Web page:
A 22-year old degenerate opened fire at a shopping center in Tucson, Arizona where Rep. Gabrielle Giffords was meeting constituents. At the latest report six people are dead; that number will probably grow. Congresswoman Giffords was shot in the head, but she survived.
From his writings on YouTube it sounds like the shooter is mentally ill. However he is diagnosed, he murdered people, and it would be an injustice if he escapes the death penalty because of insanity. It has never made sense to me that crazy means you are not prosecuted to the full extent of the law.
This unspeakable act should be kept entirely separate of politics. People on all sides could try to score political points here. The shooter is a man whose favorite books are The Communist Manifesto and Mein Kampf, does not believe in God, used a gun, and has rambled incoherently about the state of monetary currency and grammar. The Congresswoman is a somewhat conservative Democrat whose office was vandalized because she voted for the health care bill and who has been criticized at Daily Kos. Whatever. This crime was an act of insanity, not politics.
I heard a moderate on Fox News say he hoped this shooting would lead to more bipartisanship in Washington. No! I completely disagree. This act of violence should not be used by the moderate hand-wringers to try to stop people from passionate partisanship.
America is still a free country with free speech and free elections. That means we draw a line between speech and force. Arguing, giving strong opinions and even being mean and uncourteous are different from killing people. It is wrong to try to draw a connection between talkers and killers, as President Clinton did when he spuriously linked Timothy McVeigh with Rush Limbaugh and talk radio. Clinton did what statists on the left often do: they exploit acts of violence to stifle speech they don’t like.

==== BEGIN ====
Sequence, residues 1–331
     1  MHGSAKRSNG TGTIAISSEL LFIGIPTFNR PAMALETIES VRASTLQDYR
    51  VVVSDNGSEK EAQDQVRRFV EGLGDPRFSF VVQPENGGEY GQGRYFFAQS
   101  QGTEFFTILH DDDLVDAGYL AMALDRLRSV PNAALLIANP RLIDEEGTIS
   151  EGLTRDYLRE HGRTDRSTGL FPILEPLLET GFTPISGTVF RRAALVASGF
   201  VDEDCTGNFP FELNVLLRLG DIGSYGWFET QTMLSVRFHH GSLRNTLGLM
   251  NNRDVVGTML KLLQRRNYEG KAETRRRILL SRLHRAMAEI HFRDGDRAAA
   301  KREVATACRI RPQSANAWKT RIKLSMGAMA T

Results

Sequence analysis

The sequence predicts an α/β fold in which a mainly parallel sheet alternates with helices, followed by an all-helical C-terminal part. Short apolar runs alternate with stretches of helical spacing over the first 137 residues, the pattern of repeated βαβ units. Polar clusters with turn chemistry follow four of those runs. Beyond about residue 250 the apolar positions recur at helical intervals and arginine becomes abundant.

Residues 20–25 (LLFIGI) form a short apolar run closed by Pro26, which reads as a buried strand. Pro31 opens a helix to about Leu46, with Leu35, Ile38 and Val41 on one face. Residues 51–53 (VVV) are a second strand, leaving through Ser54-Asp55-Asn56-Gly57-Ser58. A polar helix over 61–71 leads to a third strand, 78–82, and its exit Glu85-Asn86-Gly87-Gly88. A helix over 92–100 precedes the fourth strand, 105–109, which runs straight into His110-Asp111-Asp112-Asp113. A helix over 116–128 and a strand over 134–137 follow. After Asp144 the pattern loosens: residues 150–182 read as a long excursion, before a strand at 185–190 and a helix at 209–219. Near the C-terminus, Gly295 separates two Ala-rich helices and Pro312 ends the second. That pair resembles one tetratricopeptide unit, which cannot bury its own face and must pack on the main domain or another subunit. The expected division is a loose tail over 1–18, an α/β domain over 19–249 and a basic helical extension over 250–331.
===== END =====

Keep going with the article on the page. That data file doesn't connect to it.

It is heartbreaking to see the clip of Congresswoman Giffords reading the first amendment, a pillar of our freedom, on the House floor earlier this week. The crime in Tucson was force, not speech. We need to be vigilante against those who would blur the distinction in order to destroy the freedom of speech — and extend statist force against free individuals.
UPDATE: I got the information about his favorite books from Fox News. I see now on the internet that the list is longer:
I had favorite books: Animal Farm, Brave New World, The Wizard Of OZ, Aesop Fables, The Odyssey, Alice Adventures Into Wonderland, Fahrenheit 451, Peter Pan, To Kill A Mockingbird, We The Living, Phantom Toll Booth, One Flew Over The Cuckoo’s Nest, Pulp,Through The Looking Glass, The Communist Manifesto, Siddhartha, The Old Man And The Sea, Gulliver’s Travels, Mein Kampf, The Republic, and Meno.